Successful Low Back Pain Treatment Remains a Challenge

Pain Management, October 2011, Volume 4, Issue 7

Low back pain is one of the most frequently reported reasons for why patients visit their doctor, with lifetime prevalence as high as 60-80%. However, despite the availability of a wide range of treatment modalities and several published guidelines, outcomes for patients with low back pain are often unsatisfactory.

Low back pain exacts a significant physical and financial toll on patients in the US, resulting in millions of office visits and billions of dollars in direct and indirect costs as patients seek relief. In “Diagnosis and Treatment of Low Back Pain: A Joint Clinical Practice Guideline from the American College of Physicians and the American Pain Society” (http://bit.ly/quXMfm), Chou and colleagues noted that low back pain is the fifth most common reason for all physician visits in the United States, with one in four US adults reporting experiencing low back pain lasting at least one full day in the previous three months. An article published in JAMA in 2008 (http://bit.ly/pyUzYm) on the costs associated with back pain claimed that low back pain alone accounted for about 2% of all physician office visits in 2005.

There is a large and growing number of treatment options for low back pain from which patients and clinicians can choose, including nonpharmacological options (massage, exercise, cognitive behavioral therapy, spinal manipulation, etc), medications (NSAIDs, acetaminophen, opioids), injections, and surgery. However, Chou et al. noted that despite the availability of these options for the evaluation and management of low back pain, “There has been little consensus, either within or between specialties, on appropriate clinical evaluation and management of low back pain,” with many studies showing “unexplained, large variations in use of diagnostic tests and treatments.” Yet, “Despite wide variations in practice, patients seem to experience broadly similar outcomes,” due to a variety of factors that perhaps include the self-limiting nature of many forms of back pain and the limited efficacy of some interventions.

APS Guidelines for Interventional Therapies, Surgery, and Interdisciplinary Rehabilitation for Low Back Pain

The panel that created the revised APS guidelines found that evidence for the use of a number of interventional diagnostic tests, therapies, and surgery interventions was “mixed, sparse, or not available,” and offered eight recommendations “to help determine the best way to treat patients with low back pain,” including:

  • Consider “intensive interdisciplinary rehabilitation with a cognitive/behavioral emphasis for patients with nonradicular low back pain” who do not respond to usual treatment.
  • Avoid the use of facet joint corticosteroid injection, prolotherapy, and intradiscal corticosteroid injections for patients with persistent nonradicular low back pain.
  • Engage in shared decision making and discuss with patients the risks and benefits of interventions such as surgery, epidural steroid injections, and spinal cord stimulation. Discuss the evidence showing the effectiveness (or lack thereof) for some of these options and compare them with other, less invasive treatment options. Access the summary that accompanied the 2009 publication of the revised APS guidelines for low back pain (http://bit.ly/outkpS) for more information. A complete review of the evidence used in the creation of the guidelines is available online (http://bit.ly/kOU9Hh).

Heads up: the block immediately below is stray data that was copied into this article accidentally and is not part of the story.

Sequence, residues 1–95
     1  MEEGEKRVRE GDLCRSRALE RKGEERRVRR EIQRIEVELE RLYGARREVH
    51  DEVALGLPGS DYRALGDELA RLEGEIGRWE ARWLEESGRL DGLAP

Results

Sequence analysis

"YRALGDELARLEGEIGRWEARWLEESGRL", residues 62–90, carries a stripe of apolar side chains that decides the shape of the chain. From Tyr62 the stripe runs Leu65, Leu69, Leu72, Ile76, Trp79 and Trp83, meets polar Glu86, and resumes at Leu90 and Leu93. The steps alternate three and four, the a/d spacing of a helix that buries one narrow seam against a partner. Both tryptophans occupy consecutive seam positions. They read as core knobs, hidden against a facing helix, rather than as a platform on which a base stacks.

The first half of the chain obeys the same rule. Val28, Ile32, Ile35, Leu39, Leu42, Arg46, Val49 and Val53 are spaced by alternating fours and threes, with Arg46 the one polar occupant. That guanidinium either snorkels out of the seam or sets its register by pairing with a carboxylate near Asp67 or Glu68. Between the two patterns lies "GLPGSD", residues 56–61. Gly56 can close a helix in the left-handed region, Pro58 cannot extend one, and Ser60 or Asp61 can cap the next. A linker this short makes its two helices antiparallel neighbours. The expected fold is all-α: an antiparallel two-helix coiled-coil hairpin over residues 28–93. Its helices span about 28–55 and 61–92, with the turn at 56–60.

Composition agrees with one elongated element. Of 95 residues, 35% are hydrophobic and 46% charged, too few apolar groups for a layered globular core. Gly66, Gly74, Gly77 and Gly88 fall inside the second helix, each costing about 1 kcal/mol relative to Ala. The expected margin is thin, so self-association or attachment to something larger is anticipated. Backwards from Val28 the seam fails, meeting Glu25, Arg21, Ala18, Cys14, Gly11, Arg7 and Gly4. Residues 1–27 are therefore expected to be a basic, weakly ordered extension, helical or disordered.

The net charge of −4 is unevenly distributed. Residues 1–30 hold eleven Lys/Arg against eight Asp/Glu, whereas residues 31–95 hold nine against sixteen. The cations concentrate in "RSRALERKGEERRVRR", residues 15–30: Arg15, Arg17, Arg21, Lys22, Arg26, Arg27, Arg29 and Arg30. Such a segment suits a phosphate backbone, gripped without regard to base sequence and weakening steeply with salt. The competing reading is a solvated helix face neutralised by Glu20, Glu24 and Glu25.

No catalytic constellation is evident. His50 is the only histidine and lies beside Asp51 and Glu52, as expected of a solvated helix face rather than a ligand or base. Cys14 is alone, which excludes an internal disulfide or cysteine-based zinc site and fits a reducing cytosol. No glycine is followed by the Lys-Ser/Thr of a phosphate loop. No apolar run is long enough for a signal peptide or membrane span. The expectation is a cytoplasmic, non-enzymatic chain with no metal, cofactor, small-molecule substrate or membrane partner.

Foster, in “Barriers and Progress in the Treatment of Low Back Pain,” published in BMC Medicine (http://bit.ly/rjTtMt), also commented on this phenomenon, noting that although “many practice guidelines are now available to help practitioners choose treatments that are safe and effective,” there is no treatment that has “large, significant and consistent benefits for patients with non-specific [low back pain].” For most patients with non-specific low back pain, “The reality is that the treatments we have to offer tend to produce small effects, often only in the short term and none appear to effectively change long-term prognosis.”

The comparatively limited efficacy of most available treatments for treating low back pain is only one reason for the poor outcomes often seen among this patient population, especially in the primary care setting. The inconsistent application of evidence-based clinical guidelines in practice is also to blame. For example, according to Foster, “We know that early access to advice and information about self-management and some specific treatments such as exercise, manual therapy, acupuncture, and cognitive-behavioral interventions are effective, yet most patients in primary care actually receive symptomatic care through advice related to the current episode and medication alone, neither of which has a clear focus on secondary prevention. Another example is return to work advice, where just under a third of health care practitioners continue to recommend staying off work to patients for whom guideline recommendations suggest the opposite.”

Improving outcomes in this population will require greater awareness among physicians of the strength of the evidence supporting the use of specific treatments and their limitations, risks, and benefits; incorporation of a thorough history and physical exam during differential diagnosis to facilitate “diagnostic triage” of patients into broad subcategories of low back pain; and more diligent application of best practice recommendations and clinical guidelines.